Gravity: We might have been getting it wrong this whole time

Symmetry has been one of the guiding principles in physicists' search for fundamental laws of nature. What does it mean that laws of nature have symmetry? It means that laws look the same before and after an operation, similar ...

Discovery reveals tractionless motion is possible

In an article published in Physical Review Letters, Bristol scientists have answered the fundamental question: "Is it possible to move without exerting force on the environment?", by describing the tractionless self-propulsion ...

Filming how our immune system kill bacteria

To kill bacteria in the blood, our immune system relies on nanomachines that can open deadly holes in their targets. UCL scientists have now filmed these nanomachines in action, discovering a key bottleneck in the process ...

Researchers develop new method to remove dust on solar panels

Taking a cue from the self-cleaning properties of the lotus leaf, researchers at Ben-Gurion University of the Negev have shed new light on microscopic forces and mechanisms that can be optimized to remove dust from solar ...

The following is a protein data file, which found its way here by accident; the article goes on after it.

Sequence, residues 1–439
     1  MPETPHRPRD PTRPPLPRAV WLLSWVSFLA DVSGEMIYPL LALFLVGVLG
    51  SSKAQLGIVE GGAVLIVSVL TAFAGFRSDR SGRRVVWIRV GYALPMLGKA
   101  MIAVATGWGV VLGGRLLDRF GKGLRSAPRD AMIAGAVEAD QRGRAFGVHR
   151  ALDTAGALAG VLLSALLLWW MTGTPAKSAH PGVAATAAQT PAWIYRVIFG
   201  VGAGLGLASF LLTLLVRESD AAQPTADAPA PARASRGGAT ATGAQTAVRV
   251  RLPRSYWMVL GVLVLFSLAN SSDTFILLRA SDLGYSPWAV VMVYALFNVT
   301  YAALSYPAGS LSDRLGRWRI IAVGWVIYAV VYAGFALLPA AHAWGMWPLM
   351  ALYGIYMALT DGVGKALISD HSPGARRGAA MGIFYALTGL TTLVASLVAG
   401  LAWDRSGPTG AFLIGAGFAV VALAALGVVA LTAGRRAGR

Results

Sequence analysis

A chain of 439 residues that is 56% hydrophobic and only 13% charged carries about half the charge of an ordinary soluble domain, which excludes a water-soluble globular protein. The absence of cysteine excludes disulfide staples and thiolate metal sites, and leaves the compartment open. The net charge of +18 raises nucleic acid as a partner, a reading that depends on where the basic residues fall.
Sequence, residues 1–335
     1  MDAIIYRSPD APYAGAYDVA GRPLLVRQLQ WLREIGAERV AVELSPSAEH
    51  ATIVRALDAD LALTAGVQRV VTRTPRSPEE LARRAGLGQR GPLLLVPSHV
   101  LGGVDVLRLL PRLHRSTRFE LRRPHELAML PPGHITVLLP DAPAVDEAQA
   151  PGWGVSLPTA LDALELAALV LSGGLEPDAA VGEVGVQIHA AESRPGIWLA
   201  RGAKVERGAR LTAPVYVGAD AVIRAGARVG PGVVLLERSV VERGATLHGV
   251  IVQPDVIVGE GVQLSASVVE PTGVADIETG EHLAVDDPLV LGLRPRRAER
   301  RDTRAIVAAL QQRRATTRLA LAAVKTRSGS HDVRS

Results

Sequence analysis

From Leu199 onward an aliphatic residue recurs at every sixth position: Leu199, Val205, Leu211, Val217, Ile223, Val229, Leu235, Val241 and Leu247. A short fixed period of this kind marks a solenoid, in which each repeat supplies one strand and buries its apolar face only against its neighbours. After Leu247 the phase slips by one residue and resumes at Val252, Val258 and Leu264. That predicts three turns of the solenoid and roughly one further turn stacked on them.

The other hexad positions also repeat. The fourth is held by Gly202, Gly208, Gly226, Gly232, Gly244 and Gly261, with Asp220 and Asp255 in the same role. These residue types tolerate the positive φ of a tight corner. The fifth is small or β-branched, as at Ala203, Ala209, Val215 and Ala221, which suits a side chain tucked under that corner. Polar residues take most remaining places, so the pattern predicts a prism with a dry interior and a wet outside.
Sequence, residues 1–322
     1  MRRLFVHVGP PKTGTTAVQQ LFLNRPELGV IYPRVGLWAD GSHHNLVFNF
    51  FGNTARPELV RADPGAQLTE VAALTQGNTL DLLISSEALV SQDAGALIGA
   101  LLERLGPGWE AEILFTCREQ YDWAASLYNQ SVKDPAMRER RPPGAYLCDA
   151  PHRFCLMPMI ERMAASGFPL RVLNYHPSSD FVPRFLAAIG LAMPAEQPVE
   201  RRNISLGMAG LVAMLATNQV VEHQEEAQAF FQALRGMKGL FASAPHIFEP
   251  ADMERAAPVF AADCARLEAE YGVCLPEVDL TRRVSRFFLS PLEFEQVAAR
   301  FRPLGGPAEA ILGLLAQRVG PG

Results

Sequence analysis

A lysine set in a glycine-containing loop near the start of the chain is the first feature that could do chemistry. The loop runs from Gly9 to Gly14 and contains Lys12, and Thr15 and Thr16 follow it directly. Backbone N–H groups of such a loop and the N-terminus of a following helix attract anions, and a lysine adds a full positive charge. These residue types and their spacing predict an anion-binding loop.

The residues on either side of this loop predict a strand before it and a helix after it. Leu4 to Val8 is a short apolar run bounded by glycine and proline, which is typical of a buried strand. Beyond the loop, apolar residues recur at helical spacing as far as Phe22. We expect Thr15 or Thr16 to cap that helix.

Galaxy formation simulated without dark matter

For the first time, researchers from the Universities of Bonn and Strasbourg have simulated the formation of galaxies in a universe without dark matter. To replicate this process on the computer, they have instead modified ...

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Force

In physics, a force is any influence that causes an object to undergo a change in speed, a change in direction, or a change in shape. In other words, a force is that which can cause an object with mass to change its velocity (which includes to begin moving from a state of rest), i.e., to accelerate, or which can cause a flexible object to deform. Force can also be described by intuitive concepts such as a push or pull. A force has both magnitude and direction, making it a vector quantity. Newton's second law, F=ma, was originally formulated in slightly different, but equivalent terms: the original version states that the net force acting upon an object is equal to the rate at which its momentum changes.

Related concepts to force include: thrust, which increases the velocity of an object; drag, which decreases the velocity of an object; and torque which produces changes in rotational speed of an object. Forces which do not act uniformly on all parts of a body will also cause mechanical stresses, a technical term for influences which cause deformation of matter. While mechanical stress can remain embedded in a solid object, gradually deforming it, mechanical stress in a fluid determines changes in its pressure and volume.

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